Sharpness and detail, edge to edge, was fantastic. Yes, if you pixel peep this against its $13,000 f/4 cousin, then yeah, you’re probably going to get better image quality out of the more expensive lens. You’ll also get better low light performance and so on, but for what this is, for the price point, for the size, and for everything that it gives you, I was more than impressed. Based on the actual image quality, you get your money’s worth in this lens. I would buy this lens if I photographed action/sports and/or birds. It’s absolutely a fantastic lens.
Granted, this doesn’t really fit into my typical wheelhouse of portraiture, so it’s not something that I would purchase and put in my bag, but I would definitely rent it to take out on occasion.
Just remember two things: 1) The lens has a tendency to front and back focus, and 2) the f/11 comes with limitations, meaning you’ll want to pair this lens with a solid camera body, like an EOS R5 or R6 or better. The EOS R, in my opinion, was the baseline minimum that you would want. I would also remind you that this is a 600mm fixed focal length lens, a specialist lens, so you really have limited compositional control beyond simply moving closer or farther away on your own two feet, and you may be limited, depending on the kind of scenes/locations that you’re shooting in.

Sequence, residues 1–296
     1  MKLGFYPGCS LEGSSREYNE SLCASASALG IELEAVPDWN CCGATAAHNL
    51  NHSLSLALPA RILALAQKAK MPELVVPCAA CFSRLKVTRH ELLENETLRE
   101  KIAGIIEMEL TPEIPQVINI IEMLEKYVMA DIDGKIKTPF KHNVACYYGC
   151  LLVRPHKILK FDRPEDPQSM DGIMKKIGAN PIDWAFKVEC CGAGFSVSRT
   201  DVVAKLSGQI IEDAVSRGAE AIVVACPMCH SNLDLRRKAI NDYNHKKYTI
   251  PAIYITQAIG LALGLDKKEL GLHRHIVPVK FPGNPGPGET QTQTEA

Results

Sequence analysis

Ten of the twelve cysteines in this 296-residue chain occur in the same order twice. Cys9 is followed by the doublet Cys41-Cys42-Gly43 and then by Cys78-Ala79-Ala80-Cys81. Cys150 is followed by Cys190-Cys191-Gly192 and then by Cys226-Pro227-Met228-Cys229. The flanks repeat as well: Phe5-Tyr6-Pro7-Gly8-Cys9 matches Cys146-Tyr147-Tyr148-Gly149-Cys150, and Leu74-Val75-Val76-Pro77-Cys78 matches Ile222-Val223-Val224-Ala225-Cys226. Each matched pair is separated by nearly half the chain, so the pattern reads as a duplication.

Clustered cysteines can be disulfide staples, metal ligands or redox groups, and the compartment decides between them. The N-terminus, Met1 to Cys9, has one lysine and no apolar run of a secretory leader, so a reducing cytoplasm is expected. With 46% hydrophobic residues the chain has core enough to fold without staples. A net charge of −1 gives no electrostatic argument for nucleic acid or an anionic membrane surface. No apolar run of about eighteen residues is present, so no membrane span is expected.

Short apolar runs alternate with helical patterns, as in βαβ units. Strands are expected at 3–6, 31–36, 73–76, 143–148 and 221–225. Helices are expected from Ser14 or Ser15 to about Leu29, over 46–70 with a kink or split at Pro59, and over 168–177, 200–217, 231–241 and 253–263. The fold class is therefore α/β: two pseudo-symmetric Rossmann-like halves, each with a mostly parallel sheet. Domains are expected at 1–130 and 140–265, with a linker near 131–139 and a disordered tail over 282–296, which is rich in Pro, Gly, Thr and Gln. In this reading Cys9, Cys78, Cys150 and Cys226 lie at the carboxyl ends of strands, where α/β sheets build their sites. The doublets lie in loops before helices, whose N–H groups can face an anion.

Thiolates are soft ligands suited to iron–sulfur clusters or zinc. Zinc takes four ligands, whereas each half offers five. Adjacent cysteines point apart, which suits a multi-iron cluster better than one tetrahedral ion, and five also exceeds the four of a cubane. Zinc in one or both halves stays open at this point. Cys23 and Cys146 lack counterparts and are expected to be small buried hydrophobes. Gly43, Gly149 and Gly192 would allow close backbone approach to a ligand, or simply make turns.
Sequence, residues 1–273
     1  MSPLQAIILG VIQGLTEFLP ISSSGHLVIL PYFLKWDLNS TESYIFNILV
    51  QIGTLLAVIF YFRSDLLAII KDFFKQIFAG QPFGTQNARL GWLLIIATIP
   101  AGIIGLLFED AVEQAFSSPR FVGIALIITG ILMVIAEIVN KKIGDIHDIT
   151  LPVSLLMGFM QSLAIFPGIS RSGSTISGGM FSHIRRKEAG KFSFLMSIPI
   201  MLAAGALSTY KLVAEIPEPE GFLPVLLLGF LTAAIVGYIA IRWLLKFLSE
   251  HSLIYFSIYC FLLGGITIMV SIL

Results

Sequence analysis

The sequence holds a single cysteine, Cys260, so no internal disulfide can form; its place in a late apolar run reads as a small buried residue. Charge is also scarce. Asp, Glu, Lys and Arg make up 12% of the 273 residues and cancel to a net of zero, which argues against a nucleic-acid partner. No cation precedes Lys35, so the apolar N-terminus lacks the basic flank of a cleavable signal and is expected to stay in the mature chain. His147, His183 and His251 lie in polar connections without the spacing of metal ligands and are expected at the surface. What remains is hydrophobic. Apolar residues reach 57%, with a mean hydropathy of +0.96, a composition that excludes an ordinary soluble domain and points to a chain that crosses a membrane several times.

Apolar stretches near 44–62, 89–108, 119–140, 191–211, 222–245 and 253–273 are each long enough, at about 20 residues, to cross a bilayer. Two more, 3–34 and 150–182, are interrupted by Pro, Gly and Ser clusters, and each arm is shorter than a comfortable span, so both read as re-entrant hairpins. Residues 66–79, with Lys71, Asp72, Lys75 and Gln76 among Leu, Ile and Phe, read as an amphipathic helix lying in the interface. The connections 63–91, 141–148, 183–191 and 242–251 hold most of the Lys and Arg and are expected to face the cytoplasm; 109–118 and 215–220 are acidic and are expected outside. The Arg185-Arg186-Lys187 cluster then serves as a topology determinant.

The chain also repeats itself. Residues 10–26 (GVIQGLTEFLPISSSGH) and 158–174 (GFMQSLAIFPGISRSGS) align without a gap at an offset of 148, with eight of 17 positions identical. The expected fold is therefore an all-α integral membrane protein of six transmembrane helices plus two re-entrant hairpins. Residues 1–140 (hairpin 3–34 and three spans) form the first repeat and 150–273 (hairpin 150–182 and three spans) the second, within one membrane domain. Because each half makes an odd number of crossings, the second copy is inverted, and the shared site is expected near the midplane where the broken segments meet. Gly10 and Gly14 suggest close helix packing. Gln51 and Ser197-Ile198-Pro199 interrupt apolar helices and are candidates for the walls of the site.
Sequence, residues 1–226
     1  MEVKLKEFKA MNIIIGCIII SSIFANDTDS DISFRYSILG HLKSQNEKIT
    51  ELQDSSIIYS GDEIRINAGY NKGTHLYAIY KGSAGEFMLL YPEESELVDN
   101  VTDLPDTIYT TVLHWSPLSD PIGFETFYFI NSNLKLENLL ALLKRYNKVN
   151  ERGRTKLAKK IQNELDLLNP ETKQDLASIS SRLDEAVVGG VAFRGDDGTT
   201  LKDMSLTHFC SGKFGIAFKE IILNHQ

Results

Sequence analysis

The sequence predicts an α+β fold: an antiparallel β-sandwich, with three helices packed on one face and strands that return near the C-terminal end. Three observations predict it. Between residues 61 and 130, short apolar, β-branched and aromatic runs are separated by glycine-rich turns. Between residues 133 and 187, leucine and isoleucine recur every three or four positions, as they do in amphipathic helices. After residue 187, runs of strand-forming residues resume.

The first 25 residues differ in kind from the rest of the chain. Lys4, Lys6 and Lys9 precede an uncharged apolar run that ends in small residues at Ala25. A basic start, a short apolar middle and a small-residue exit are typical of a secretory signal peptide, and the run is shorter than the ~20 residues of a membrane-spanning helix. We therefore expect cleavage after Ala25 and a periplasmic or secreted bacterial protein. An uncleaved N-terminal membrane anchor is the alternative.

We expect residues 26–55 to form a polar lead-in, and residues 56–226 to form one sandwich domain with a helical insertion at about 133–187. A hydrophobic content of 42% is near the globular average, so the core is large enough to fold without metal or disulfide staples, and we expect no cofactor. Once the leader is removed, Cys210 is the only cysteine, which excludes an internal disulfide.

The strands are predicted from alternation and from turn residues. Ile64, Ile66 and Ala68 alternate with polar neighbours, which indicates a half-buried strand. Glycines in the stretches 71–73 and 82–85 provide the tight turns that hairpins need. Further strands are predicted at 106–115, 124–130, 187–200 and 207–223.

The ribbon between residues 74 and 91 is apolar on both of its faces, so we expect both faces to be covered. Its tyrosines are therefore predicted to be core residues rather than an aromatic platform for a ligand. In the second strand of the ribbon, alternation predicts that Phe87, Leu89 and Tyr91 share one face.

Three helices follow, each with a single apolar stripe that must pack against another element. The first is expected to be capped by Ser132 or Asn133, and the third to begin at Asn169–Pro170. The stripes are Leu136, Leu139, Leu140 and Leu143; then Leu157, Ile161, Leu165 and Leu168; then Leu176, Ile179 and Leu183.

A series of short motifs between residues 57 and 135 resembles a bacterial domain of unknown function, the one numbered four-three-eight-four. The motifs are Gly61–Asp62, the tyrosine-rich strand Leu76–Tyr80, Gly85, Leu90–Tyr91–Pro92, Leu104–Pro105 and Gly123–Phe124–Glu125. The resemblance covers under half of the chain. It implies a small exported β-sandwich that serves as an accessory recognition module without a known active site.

If you’re thinking to yourself, “Well, I would really love to have this lens to go traveling with,” then you might reconsider. For those of you that like to travel and you still want telephoto capability, I would recommend something like a 70-200mm, or a 100-300mm lens, where you still have range. If you’re shooting birds or animals, where distance is a common issue, then the 600mm lens is going to be perfect for you.
I realize that this is all basic advice, given that it’s a 600mm focal length prime lens. I want you to walk away with practical advice, however, because if you’re not constantly shooting at those longer distances, then you’re just not going to be able to utilize the lens as much as you might want.